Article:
A must-read interview: Aldous Huxley on “The Art of Fiction”

I agree that the “great books “speak for themselves”…and do so with unique eloquence. However, there is no documentation to suggest that authors such as Homer, Sophocles, Chaucer, Cervantes, and Shakespeare were ever interviewed.

Aldous Huxley

Fortunately, The Paris Review has been interviewing great authors since being founded in Paris in 1953 by Harold L. Humes, Peter Matthiessen, and George Plimpton. I have retrieved from its archives an excerpt from an interview of Aldous Huxley by Raymond Fraser, George Wickes in 1960. To read the complete interview, obtain subscription information, and/or check out other resources, please click here.

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Among serious novelists, Aldous Huxley is surely the wittiest and most irreverent. Ever since the early twenties, his name has been a byword for a particular kind of social satire; in fact, he has immortalized in satire a whole period and a way of life. In addition to his ten novels, Huxley has written, during the course of an extremely prolific career, poetry, drama, essays, travel, biography, and history.

Descended from two of the most eminent Victorian families, he inherited science and letters from his grandfather T. H. Huxley and his great-uncle Matthew Arnold respectively. He absorbed both strains in an erudition so unlikely that it has sometimes been regarded as a kind of literary gamesmanship. (In conversation his learning comes out spontaneously, without the slightest hint of premeditation; if someone raises the topic of Victorian gastronomy, for example, Huxley will recite a typical daily menu of Prince Edward, meal by meal, course by course, down to the last crumb.) The plain fact is that Aldous Huxley is one of the most prodigiously learned writers not merely of this century but of all time.

After Eton and Balliol, he became a member of the postwar intellectual upper crust, the society he set out to vivisect and anatomize. He first made his name with such brilliant satires as Antic Hay and Point Counter Point, writing in the process part of the social history of the twenties. In the thirties he wrote his most influential novel, Brave New World, combining satire and science fiction in the most successful of futuristic utopias. Since 1937, when he settled in Southern California, he has written fewer novels and turned his attention more to philosophy, history, and mysticism. Although remembered best for his early satires, he is still productive and provocative as ever.

It is rather odd to find Aldous Huxley in a suburb of Los Angeles called Hollywoodland. He lives in an unpretentious hilltop house that suggests the Tudor period of American real-estate history. On a clear day he can look out across miles of cluttered, sprawling city at a broad sweep of the Pacific. Behind him dry brown hills rise to a monstrous sign that dominates the horizon, proclaiming hollywoodland in aluminum letters twenty feet high.

Mr. Huxley is a very tall man—he must be six feet four—and, though lean, very broad across the shoulders. He carries his years lightly indeed; in fact he moves so quietly as to appear weightless, almost wraithlike. His eyesight is limited, but he seems to find his way about instinctively, without touching anything.

In manner and speech he is very gentle. Where one might have been led to expect the biting satirist or the vague mystic, one is impressed instead by how quiet and gentle he is on the one hand, how sensible and down-to-earth on the other. His manner is reflected in his lean, gray, emaciated face: attentive, reflective, and for the most part unsmiling. He listens patiently while others speak, then answers deliberately.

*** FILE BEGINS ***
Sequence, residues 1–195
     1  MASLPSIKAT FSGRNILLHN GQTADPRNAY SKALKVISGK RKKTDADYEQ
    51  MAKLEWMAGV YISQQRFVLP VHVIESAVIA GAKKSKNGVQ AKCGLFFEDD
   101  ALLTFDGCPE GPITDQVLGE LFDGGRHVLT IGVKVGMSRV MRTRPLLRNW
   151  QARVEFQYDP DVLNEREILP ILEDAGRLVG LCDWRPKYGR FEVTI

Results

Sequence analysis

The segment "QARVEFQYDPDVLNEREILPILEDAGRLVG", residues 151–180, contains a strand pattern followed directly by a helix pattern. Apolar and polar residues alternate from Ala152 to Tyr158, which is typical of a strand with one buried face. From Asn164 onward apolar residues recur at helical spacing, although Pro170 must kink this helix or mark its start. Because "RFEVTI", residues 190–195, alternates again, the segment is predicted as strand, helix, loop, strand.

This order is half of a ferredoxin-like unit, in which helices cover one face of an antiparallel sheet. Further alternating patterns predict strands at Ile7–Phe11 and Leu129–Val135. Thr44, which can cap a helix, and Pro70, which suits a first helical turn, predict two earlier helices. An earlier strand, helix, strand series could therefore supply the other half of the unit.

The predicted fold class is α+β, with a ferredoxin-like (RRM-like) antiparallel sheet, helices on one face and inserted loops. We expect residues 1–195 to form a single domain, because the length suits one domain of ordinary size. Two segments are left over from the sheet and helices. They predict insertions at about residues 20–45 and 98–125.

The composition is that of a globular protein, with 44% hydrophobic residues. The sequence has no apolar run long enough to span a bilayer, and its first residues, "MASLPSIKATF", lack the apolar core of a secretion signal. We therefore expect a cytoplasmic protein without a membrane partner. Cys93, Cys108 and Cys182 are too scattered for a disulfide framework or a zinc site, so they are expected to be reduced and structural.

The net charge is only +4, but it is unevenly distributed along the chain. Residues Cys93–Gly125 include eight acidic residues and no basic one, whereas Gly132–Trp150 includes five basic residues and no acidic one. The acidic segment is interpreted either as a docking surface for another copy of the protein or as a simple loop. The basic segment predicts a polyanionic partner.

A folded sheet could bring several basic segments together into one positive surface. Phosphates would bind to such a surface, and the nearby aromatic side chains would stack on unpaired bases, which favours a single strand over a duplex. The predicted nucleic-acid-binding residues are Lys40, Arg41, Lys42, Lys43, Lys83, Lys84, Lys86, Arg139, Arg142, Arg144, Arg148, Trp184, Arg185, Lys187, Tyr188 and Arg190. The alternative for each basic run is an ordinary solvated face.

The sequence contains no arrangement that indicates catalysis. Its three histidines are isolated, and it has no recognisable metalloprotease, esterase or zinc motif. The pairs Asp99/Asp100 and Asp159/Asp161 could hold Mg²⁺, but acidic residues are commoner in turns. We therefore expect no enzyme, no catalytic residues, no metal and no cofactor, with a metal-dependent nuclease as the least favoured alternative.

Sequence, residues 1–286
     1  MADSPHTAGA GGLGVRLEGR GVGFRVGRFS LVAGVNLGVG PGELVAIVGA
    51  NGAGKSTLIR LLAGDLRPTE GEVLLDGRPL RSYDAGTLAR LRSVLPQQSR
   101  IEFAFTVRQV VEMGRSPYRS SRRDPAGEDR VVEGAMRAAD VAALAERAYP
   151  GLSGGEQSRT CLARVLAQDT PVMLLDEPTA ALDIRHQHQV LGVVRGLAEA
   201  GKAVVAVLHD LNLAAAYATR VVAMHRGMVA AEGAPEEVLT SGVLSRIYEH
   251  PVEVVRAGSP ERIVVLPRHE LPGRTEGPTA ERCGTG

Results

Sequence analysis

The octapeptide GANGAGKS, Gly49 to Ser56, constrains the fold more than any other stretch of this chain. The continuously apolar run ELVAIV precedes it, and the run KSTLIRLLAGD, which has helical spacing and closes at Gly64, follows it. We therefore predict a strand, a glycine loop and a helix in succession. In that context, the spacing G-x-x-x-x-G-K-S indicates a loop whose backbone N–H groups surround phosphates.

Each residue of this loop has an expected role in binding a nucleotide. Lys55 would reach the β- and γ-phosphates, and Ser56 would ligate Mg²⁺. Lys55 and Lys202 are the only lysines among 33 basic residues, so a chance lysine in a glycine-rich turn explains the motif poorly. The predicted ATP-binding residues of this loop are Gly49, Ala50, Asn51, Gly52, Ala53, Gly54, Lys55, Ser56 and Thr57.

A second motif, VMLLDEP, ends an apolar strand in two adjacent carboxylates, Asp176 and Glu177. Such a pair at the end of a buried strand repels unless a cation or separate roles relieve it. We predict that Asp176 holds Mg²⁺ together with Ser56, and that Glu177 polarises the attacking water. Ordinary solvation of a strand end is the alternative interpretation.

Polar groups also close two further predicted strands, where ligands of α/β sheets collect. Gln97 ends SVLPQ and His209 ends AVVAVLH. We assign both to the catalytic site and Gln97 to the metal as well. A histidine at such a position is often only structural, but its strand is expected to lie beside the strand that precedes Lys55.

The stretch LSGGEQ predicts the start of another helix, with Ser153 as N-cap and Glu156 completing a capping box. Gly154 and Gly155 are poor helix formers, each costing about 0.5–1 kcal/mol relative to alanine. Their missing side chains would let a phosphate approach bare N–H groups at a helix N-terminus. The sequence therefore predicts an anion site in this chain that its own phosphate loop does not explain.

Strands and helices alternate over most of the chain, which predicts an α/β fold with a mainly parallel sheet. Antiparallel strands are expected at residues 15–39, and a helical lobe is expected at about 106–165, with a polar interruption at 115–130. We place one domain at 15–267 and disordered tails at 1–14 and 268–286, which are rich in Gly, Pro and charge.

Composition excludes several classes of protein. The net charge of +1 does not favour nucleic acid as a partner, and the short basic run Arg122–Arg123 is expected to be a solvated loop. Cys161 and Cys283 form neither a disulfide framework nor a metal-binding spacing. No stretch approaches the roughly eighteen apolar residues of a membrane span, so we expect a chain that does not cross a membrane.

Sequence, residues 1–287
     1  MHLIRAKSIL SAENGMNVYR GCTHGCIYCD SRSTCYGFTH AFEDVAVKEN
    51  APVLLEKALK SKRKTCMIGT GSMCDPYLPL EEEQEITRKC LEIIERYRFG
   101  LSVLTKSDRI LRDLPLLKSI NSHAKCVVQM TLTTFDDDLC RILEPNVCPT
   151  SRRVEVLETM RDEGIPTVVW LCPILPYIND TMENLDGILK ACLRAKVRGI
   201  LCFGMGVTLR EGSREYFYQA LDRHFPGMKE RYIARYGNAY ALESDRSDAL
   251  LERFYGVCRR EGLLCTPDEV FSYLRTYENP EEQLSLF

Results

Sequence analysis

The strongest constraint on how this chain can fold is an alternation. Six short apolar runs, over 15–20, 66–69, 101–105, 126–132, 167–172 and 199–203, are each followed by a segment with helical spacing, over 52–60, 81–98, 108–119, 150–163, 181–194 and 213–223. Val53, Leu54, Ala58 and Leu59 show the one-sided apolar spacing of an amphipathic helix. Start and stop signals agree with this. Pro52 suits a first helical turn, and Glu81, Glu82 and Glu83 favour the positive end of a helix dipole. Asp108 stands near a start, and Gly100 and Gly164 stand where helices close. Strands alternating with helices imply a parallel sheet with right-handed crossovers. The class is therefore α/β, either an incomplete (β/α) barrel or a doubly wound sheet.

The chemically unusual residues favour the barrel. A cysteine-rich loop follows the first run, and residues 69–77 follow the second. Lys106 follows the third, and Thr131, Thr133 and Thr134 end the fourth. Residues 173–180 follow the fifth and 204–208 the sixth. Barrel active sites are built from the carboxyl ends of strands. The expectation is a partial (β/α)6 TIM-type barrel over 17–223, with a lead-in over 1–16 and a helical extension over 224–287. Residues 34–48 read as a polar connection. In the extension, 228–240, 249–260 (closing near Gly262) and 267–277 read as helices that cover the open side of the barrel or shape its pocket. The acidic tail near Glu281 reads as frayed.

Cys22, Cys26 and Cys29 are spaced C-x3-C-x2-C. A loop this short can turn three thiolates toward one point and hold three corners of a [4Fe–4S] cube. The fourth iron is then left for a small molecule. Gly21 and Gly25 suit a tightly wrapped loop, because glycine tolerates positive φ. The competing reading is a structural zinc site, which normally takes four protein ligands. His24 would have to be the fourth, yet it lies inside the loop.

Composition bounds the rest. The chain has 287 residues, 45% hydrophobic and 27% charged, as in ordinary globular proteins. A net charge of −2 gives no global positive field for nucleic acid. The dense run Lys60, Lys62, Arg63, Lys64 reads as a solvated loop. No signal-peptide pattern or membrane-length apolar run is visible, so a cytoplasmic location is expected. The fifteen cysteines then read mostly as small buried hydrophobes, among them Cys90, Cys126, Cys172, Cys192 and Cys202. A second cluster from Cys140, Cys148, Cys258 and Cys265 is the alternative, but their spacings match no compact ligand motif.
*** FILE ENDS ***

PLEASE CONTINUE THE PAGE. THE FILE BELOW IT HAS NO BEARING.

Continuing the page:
Would you tell us something first about the way you work?

I work regularly. I always work in the mornings, and then again a little bit before dinner. I’m not one of those who work at night. I prefer to read at night. I usually work four or five hours a day. I keep at it as long as I can, until I feel myself going stale. Sometimes, when I bog down, I start reading—fiction or psychology or history, it doesn’t much matter what—not to borrow ideas or materials, but simply to get started again. Almost anything will do the trick.

Do you do much rewriting?

Generally, I write everything many times over. All my thoughts are second thoughts. And I correct each page a great deal, or rewrite it several times as I go along.

Do you keep a notebook, like certain characters in your novels?

No, I don’t keep notebooks. I have occasionally kept diaries for short periods, but I’m very lazy, I mostly don’t. One should keep notebooks, I think, but I haven’t.

Do you block out chapters or plan the overall structure when you start out on a novel?

No, I work away a chapter at a time, finding my way as I go. I know very dimly when I start what’s going to happen. I just have a very general idea, and then the thing develops as I write. Sometimes—it’s happened to me more than once—I will write a great deal, then find it just doesn’t work, and have to throw the whole thing away. I like to have a chapter finished before I begin on the next one. But I’m never entirely certain what’s going to happen in the next chapter until I’ve worked it out. Things come to me in driblets, and when the driblets come I have to work hard to make them into something coherent.

Is the process pleasant or painful?

Oh, it’s not painful, though it is hard work. Writing is a very absorbing occupation and sometimes exhausting. But I’ve always considered myself very lucky to be able to make a living at something I enjoy doing. So few people can.

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To read the complete interview, obtain subscription information, and/or check out other resources, please click here.

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